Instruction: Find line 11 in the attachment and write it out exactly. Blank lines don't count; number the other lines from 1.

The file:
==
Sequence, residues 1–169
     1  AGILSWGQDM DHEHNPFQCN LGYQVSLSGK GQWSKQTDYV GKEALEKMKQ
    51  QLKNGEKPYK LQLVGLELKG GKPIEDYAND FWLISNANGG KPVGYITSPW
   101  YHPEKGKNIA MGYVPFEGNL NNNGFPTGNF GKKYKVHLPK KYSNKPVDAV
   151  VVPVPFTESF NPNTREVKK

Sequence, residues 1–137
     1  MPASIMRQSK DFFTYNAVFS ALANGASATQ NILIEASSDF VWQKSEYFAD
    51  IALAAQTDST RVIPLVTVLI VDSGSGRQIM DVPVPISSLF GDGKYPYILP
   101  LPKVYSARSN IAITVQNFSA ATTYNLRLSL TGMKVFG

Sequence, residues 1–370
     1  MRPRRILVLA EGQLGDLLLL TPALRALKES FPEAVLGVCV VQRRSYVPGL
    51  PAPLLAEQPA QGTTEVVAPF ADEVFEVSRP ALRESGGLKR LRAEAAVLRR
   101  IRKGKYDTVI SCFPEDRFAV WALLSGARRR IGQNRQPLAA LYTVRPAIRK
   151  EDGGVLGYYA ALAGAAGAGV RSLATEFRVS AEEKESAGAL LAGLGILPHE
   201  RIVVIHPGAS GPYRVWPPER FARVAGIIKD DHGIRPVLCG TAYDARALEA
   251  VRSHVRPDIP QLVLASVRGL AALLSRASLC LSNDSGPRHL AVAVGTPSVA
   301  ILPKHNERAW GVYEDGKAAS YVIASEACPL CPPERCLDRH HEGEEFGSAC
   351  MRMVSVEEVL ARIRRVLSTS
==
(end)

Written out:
     1  MRPRRILVLA EGQLGDLLLL TPALRALKES FPEAVLGVCV VQRRSYVPGL